;;;;;;;;;;;;;;;;;;;;;;;;;;;;;;;;;;;;;;;;;;;;;;;;;;;;;;;;;;;;;;;;;;;;;;;;;;;;;;;;;;;;;;;; ;;; rnd-walk in a pitchfield - with interval-control ;;; ;;; this is a little function which does an rnd-walk in a special way ;;; the function is checking all possible interval-pairs first inside the pitchfield ;;; so that is on one hand all the time "inside" the pitchfield/sieve, but also only ;;; uses the :POSSIBLE-INTERVALS, so you could control the "interval-color" of the walk ;;; in an non-chromatic-pitchfield/sieve ;;;;;;;;;;;;;;;;;;;;;;;;;;;;;;;;;;;;;;;;;;;;;;;;;;;;;;;;;;;;;;;;;;;;;;;;;;;;;;;;;;;;;;;; (defun enlarge-intervals (possible-intervals &key (octaves 2)) (let ((possible-intervals (append possible-intervals (loop repeat octaves for i = 12 then (incf i 12) append (x+b possible-intervals i))))) (append possible-intervals (neg! possible-intervals)))) ;(enlarge-intervals '(2 3 4)) ;;;;;;;;;;; (defun special-rnd-walk (n &key pitchfield startpitch possible-intervals (interval-octaves 2)) (let ((int-list (loop for i in pitchfield collect (list (pitch-to-midi i) (loop for x in pitchfield with int do (setf int (car (pitch-to-interval (list i x)))) when (/= int 0) collect int)))) (possible-intervals (enlarge-intervals possible-intervals :octaves interval-octaves))) (append (list startpitch) (midi-to-pitch (loop repeat n with int with pitch = (pitch-to-midi startpitch) do (setf int (rnd-pick (filter-preserve possible-intervals (cadr (assoc pitch int-list))))) when (null int) do (setf int (rnd-pick (cadr (assoc pitch int-list)))) collect (setf pitch (pitch-to-midi (cadr (interval-to-pitch (list int) :start (midi-to-pitch pitch)))))))))) ;;;;;;;;;;; EXAMPLES ;;; rnd-walk in a "chromatic-field" - as the most easiest example/way ;;; => so all possible-intervals could be used -> THE ORDINARY WAY... (special-rnd-walk 20 :startpitch 'cs4 :pitchfield '(gs3 a3 bb3 b3 c4 cs4 d4 ds4 e4 f4 fs4 g4 gs4 a4) :possible-intervals '(1 2 3)) ;;; BUT have a look to the next examples!!! ;;; rnd-walk in a PITCHFIELD -> the function is checking all possible interval-pairs inside the pitchfield ;;; so that the rnd-walk INSIDE the PITCHFIELD could be done with specific intervals (if they are inside the field) ;;; COMPARE THE RESULT with the PITCHFIELD!!! ;;; (setf pitchfield '(gs3 cs4 ds4 g4 a4 b4 d5 e5 fs5 bb5 c6 f6)) ;;; "interval-color" of the walk is made with :possible-intervals (special-rnd-walk 5 :startpitch 'ds4 :pitchfield '(gs3 cs4 ds4 g4 a4 b4 d5 e5 fs5 bb5 c6 f6) :possible-intervals '(1 2 3)) ; + octaves of this intervals (special-rnd-walk 10 :startpitch 'ds4 :pitchfield '(gs3 cs4 ds4 g4 a4 b4 d5 e5 fs5 bb5 c6 f6) :possible-intervals '(1 3 4 5) :interval-octaves 0) ;;; reduced interval-span (special-rnd-walk 10 :startpitch 'ds4 :pitchfield '(gs3 cs4 ds4 g4 a4 b4 d5 e5 fs5 bb5 c6 f6) :possible-intervals '(5 6 7)) ; + octaves of this intervals more examples -> SOUND ;;; rnd-versions so you will here the different interval-colors inside the pitchfield (setf seq (gen-sieve '(f3 fs6) '(4 2 1 1 1 2 4 7) :type :pitch)) ;(setf seq (gen-sieve '(f3 fs6) '(7 4 2 1 1 1 2 4) :type :pitch)) ;(setf seq '(gs3 cs4 ds4 g4 a4 b4 d5 e5 fs5 bb5 c6 f6)) (setf pitchlist (special-rnd-walk (rnd-pick '(3 5 7 11)) :startpitch (rnd-pick seq) :pitchfield seq :possible-intervals (rnd-pick '((1 2) (3 4) (5 6 7))) :interval-octaves 3)) (def-score intervals (:title "walk" :key-signature 'atonal :time-signature '(4 4) :tempo 90) (instrument :omn (make-omn :pitch pitchlist :length '(t) :span :pitch) :channel 1 :sound 'gm :program 'acoustic-grand-piano)) ;;; rnd-walk in SIEVE only with intervals '(5 6 8) (setf seq (gen-sieve '((c4 g7) (c2 g7)) '((2 1 10) (3 5)) :type :pitch)) (setf pitchlist (special-rnd-walk 30 :startpitch (rnd-pick seq) :pitchfield seq :possible-intervals '(5 6 8))) (def-score intervals (:title "intervals" :key-signature 'atonal :time-signature '(4 4) :tempo 90) (instrument :omn (make-omn :pitch pitchlist :length '(t) :span :pitch) :channel 1 :sound 'gm :program 'acoustic-grand-piano)) (setf seq (gen-sieve '((c2 g7) (c2 g7)) '((2 1 10) (3 5)) :type :pitch)) ;;; EXAMPLE with changes -> all inside the same SIEVE (setf pitchlist (append (special-rnd-walk 50 :startpitch (rnd-pick seq) :pitchfield seq :possible-intervals '(1)) ; minor second (special-rnd-walk 50 :startpitch (rnd-pick seq) :pitchfield seq :possible-intervals '(2)) ; major second (special-rnd-walk 50 :startpitch (rnd-pick seq) :pitchfield seq :possible-intervals '(3 4)) ;thirds (special-rnd-walk 50 :startpitch (rnd-pick seq) :pitchfield seq :possible-intervals '(5 7)))) ; fourth-fifth (def-score intervals (:title "intervals" :key-signature 'atonal :time-signature '(4 4) :tempo 90) (instrument :omn (make-omn :pitch pitchlist :length '(t) :span :pitch) :channel 1 :sound 'gm :program 'acoustic-grand-piano))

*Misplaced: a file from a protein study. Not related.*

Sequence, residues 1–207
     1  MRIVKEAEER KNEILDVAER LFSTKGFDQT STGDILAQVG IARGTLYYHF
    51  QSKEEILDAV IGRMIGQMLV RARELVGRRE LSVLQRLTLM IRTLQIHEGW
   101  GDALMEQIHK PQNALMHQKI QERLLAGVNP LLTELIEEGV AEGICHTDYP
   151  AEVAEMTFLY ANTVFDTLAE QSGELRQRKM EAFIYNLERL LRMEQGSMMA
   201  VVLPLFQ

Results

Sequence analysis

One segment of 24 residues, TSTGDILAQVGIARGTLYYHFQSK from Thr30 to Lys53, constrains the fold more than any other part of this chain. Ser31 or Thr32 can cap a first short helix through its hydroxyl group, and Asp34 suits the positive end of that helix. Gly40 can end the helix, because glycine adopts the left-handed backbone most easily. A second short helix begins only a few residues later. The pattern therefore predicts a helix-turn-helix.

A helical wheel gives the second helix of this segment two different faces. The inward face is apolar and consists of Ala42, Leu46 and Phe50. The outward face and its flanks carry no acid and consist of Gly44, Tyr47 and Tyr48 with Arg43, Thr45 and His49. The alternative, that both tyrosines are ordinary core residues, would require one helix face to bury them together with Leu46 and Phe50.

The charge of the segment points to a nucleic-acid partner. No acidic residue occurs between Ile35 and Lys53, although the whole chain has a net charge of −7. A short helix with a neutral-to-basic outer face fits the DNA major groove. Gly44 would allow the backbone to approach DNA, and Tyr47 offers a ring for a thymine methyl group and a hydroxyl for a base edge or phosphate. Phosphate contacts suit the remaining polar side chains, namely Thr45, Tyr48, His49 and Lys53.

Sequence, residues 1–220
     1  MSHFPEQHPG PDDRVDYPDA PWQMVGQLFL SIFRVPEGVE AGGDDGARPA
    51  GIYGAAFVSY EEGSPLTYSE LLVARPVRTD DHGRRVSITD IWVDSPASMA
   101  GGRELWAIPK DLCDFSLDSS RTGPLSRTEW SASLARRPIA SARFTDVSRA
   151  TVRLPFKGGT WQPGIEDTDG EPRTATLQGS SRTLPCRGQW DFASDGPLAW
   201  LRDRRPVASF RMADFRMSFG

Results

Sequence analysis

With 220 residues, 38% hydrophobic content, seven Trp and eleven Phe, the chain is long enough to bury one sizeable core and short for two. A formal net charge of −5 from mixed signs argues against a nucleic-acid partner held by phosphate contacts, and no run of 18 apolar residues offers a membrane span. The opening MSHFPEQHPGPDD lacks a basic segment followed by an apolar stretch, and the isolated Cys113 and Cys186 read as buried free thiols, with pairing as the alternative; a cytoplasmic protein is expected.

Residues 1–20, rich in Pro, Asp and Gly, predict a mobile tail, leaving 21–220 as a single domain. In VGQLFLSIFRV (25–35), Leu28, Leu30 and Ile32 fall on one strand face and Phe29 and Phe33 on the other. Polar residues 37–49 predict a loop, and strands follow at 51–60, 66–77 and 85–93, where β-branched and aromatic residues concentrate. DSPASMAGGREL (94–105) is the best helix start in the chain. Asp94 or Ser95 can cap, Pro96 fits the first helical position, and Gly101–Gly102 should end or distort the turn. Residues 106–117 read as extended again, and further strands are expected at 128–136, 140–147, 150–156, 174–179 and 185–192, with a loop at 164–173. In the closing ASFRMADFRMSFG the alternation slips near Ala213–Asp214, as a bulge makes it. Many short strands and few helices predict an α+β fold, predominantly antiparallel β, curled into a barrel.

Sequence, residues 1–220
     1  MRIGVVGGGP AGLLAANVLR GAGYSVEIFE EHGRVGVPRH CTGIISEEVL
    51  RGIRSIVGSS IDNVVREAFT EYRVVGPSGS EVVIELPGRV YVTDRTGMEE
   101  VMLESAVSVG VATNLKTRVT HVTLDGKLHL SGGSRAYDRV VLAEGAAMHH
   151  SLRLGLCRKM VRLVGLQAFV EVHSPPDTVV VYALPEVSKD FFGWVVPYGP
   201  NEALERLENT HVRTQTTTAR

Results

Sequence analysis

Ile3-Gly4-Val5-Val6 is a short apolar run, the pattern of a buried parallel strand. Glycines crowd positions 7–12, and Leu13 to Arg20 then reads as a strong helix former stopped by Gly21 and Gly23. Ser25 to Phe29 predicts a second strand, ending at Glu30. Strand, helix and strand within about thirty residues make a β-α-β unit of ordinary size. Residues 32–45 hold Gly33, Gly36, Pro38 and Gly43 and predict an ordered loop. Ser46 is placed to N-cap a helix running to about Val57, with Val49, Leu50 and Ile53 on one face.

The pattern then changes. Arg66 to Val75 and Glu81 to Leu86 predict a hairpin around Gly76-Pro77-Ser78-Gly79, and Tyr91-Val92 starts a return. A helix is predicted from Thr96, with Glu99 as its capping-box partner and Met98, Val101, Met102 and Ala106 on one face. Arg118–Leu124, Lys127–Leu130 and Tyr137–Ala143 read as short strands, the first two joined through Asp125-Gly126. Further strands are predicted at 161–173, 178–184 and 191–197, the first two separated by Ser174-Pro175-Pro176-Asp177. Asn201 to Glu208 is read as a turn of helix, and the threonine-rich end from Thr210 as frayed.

9. 1 point